Join Ben Long for an in-depth discussion in this video Creating a simple manual focus stack, part of Foundations of Photography: Macro and Close-Up.
- View Offline
By this point, you should have enough macro shooting experience…to know that shallow depth of field is often an obstacle to getting the macro shots that you want.…The problem is simply that, at macro distances, depth of field is extremely thin, so thin…that a detail that you really like on the flower may end up rendered out of focus when…you've focused on something else that you won't see on the flower, or whatever your subject is.…As you've seen with tiny camera movements, which are effectively tiny changes in focus,…we can alter what part of our subject is sharp.…
If you've got much image editing experience, then you might have already thought, "What if…I shot a few frames, each with a different part of my subject in focus, and then combined them somehow?"…That's what focus stacking is. It's called focus stacking, because we're going to take…a stack of images, each with focus at a different depth, and then we're going to combine them.…As we move through this chapter, you're going to see a very elaborate focus stacking procedure…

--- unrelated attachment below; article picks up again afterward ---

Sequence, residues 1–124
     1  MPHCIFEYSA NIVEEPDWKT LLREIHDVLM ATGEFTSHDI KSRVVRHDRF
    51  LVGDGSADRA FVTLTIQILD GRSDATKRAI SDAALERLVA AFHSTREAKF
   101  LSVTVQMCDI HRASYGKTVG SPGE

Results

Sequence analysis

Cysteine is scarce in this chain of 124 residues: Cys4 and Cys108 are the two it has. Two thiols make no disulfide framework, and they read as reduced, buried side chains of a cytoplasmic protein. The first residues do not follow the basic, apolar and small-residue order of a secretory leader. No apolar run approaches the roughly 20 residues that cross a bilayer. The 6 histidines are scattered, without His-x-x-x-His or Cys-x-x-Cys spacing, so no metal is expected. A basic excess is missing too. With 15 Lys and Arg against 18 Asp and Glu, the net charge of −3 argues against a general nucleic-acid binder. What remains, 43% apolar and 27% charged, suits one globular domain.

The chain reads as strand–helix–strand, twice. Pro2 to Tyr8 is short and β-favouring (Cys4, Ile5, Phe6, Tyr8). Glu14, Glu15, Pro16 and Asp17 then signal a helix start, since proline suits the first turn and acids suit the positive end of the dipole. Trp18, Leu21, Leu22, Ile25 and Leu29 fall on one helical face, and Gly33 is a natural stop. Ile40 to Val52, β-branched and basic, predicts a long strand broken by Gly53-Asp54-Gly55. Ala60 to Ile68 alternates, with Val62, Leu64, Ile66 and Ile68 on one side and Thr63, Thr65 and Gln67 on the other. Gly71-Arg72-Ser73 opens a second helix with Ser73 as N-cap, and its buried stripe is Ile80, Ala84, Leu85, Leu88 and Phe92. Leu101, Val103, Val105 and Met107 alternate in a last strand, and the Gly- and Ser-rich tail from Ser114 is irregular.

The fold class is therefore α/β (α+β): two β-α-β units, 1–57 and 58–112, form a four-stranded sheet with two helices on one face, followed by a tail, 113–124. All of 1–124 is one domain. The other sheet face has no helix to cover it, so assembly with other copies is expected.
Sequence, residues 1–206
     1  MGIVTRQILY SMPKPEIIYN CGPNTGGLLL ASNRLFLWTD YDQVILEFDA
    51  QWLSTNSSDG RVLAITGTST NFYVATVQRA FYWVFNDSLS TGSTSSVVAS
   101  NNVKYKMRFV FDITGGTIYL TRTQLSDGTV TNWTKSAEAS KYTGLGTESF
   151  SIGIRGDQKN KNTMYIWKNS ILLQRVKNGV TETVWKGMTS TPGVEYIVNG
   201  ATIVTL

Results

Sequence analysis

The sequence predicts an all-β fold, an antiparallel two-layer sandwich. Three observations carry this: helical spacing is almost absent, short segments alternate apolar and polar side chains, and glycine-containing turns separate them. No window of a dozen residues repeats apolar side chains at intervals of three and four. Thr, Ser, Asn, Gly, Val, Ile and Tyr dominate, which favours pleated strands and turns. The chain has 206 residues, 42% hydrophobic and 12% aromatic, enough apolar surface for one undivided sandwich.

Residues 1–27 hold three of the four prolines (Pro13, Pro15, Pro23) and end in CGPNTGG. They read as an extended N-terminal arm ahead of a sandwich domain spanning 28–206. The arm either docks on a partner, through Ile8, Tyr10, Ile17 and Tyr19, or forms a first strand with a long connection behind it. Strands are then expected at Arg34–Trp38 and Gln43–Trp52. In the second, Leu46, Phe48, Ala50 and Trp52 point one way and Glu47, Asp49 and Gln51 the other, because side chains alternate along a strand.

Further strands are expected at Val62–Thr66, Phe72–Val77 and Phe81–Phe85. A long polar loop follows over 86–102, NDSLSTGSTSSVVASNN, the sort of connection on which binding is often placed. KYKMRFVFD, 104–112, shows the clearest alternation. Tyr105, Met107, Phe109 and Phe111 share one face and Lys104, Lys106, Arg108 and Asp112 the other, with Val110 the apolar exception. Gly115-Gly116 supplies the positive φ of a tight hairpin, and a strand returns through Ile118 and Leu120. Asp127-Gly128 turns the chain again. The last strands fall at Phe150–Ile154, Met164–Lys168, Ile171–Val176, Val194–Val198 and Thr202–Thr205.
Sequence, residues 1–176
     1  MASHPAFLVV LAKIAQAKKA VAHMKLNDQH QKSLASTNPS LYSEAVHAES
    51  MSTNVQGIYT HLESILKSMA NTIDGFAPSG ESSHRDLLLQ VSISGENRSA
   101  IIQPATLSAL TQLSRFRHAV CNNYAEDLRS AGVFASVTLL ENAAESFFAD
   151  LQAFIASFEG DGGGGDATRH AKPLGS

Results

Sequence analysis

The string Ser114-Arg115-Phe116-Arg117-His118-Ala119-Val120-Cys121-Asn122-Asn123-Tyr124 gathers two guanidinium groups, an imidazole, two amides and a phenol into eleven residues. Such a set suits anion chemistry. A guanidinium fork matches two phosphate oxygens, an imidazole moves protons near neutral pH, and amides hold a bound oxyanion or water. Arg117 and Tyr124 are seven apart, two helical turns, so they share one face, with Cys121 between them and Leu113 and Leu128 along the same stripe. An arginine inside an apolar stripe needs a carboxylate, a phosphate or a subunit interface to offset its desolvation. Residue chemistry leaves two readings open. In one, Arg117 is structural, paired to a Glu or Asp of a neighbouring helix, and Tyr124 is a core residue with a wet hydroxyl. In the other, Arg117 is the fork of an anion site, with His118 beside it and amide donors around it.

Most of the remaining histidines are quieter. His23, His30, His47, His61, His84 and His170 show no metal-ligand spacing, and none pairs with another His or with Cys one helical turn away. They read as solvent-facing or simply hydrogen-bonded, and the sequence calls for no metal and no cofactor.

After touring the possibilities of macro photography, the course details essential gear at several price levels, including lenses, flashes, and other accessories. Next, Ben explores the special challenges of macro photography: dealing with moving subjects, working with extremely shallow depth of field, focusing, lighting, and more.
The course also explores advanced close-up tools and post-processing techniques, such as using Adobe Photoshop to "stack" multiple shots to yield wider depth of field than a single shot can convey.
- What is a macro photograph?
- What is a macro lens?
- Finding good subject matter
- Evaluating macro gear like extension tubes and tilt-shift lenses
- Composing and framing shots
- Exploring depth of field
- Lighting macro shots
- Working with light tables
- Editing macro shots